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As an example, Air Canada operates its own brand for international flights, but has a subsidiary called Air Canada Rouge for domestic and US flights. What's the reason for creating such subsidiaries?

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    $\begingroup$ Air Canada does NOT split its route structure as you have suggested. Air Canada (mainline) does not ONLY fly international routes. They also fly domestic and USA routes. Air Canada Rouge also does domestic, USA, and international routes. The routes often overlap but are generally different. $\endgroup$ – Mike Sowsun Aug 13 '18 at 17:23
  • $\begingroup$ To be specific, Air Canada Rogue is intended to compete in the low cost carrier business, against WestJet, Sunwing and Air Transat. Similar splits include Eurowings (Lufthansa), Ted (United), Song (Delta), Scoot (Singapore). For real geographic splits look at the former Air France/Air Inter, BEA/BOAC, Cathay Pacific/Dragonair, KLM/KLM Asia, Continental/Continental Micronesia, EgyptAir/Air Sinai etc. $\endgroup$ – user71659 Aug 14 '18 at 19:24
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Sometimes it can be for the purpose of recruiting pilots and cabin crew at lower pay. The airline may have pay agreements, possibly union collective agreements or else just formal agreements with non-union "associations", which set pay, working hours, and other conditions. This can be a barrier to offering ultra-low-cost tickets on the discount brand. If they structure the low-cost brand as a nominally separate entity, those agreements won't extend to it. See, for example, this news story on Westjet's new low-cost brand.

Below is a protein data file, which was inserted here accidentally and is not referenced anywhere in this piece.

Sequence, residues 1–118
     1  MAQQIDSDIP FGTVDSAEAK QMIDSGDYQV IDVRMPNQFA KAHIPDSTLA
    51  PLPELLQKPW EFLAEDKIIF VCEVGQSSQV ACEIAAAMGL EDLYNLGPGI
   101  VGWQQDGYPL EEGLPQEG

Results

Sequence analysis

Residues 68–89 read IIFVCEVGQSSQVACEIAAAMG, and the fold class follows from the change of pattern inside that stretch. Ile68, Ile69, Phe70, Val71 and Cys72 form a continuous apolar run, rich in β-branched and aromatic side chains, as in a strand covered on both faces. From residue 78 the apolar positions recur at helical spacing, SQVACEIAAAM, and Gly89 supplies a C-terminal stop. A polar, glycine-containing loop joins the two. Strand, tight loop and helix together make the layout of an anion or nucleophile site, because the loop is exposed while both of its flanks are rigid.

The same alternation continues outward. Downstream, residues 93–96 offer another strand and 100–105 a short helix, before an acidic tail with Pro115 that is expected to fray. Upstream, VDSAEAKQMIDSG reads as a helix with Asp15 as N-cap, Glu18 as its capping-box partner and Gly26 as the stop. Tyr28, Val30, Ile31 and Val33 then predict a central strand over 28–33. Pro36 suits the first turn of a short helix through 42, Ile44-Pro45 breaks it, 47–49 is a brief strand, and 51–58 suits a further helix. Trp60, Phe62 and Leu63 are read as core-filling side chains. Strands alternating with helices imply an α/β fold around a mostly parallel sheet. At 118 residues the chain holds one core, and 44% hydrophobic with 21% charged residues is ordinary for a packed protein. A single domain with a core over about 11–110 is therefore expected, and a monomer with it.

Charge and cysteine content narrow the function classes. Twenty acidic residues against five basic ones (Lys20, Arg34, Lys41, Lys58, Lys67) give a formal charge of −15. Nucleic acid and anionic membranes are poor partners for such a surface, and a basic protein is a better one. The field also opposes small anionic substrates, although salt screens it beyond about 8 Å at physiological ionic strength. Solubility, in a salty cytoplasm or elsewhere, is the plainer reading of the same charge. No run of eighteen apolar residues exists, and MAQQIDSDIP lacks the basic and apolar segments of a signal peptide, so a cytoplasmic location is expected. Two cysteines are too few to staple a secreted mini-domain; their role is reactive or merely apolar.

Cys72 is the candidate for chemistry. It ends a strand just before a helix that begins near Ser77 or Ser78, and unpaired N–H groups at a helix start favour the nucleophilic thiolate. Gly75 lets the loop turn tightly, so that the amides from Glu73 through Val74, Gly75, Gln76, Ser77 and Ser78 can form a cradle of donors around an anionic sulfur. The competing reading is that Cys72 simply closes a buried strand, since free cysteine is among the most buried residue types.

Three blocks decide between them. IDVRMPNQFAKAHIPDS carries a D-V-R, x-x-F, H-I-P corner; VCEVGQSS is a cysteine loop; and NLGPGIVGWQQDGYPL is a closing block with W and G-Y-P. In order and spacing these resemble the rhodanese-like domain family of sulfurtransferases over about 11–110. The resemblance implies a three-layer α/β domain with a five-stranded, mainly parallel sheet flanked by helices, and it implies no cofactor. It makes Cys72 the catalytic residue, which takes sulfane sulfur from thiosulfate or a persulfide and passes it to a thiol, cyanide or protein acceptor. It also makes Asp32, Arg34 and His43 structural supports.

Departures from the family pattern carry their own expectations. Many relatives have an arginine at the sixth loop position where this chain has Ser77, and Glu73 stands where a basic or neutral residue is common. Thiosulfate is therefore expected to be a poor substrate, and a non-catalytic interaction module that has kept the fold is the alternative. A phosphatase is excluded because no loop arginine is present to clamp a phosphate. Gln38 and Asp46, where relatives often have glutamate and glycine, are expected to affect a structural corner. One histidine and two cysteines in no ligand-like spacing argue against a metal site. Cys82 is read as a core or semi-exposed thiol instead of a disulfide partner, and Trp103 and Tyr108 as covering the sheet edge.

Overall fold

But there are lots of other brand-management reasons they might do this. They may want the big brand associated with reliable, high-service business travel for which they can charge full fare; and the new brand associated with cheap fares at the expense of everything else. Look at how the car companies spawn different brands so they can focus their marketing on luxury (Infiniti) mass-market (Toyota) and fun-and-cheap (Scion, now rolled into Toyota).

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